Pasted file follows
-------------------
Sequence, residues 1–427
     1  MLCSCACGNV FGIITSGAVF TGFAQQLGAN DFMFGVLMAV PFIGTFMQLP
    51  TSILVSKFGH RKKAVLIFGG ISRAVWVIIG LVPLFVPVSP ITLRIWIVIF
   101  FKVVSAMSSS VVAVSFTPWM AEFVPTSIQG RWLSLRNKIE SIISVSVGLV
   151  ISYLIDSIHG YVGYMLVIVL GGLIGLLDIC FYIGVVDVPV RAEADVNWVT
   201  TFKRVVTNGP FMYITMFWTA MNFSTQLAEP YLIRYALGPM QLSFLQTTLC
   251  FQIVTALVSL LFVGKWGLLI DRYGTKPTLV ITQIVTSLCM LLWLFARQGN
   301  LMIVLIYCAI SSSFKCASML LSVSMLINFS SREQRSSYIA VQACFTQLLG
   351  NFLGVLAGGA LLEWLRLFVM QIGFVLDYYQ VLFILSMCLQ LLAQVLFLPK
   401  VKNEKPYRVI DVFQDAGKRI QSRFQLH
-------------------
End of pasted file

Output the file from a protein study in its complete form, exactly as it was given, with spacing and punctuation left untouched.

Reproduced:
Sequence, residues 1–427
     1  MLCSCACGNV FGIITSGAVF TGFAQQLGAN DFMFGVLMAV PFIGTFMQLP
    51  TSILVSKFGH RKKAVLIFGG ISRAVWVIIG LVPLFVPVSP ITLRIWIVIF
   101  FKVVSAMSSS VVAVSFTPWM AEFVPTSIQG RWLSLRNKIE SIISVSVGLV
   151  ISYLIDSIHG YVGYMLVIVL GGLIGLLDIC FYIGVVDVPV RAEADVNWVT
   201  TFKRVVTNGP FMYITMFWTA MNFSTQLAEP YLIRYALGPM QLSFLQTTLC
   251  FQIVTALVSL LFVGKWGLLI DRYGTKPTLV ITQIVTSLCM LLWLFARQGN
   301  LMIVLIYCAI SSSFKCASML LSVSMLINFS SREQRSSYIA VQACFTQLLG
   351  NFLGVLAGGA LLEWLRLFVM QIGFVLDYYQ VLFILSMCLQ LLAQVLFLPK
   401  VKNEKPYRVI DVFQDAGKRI QSRFQLH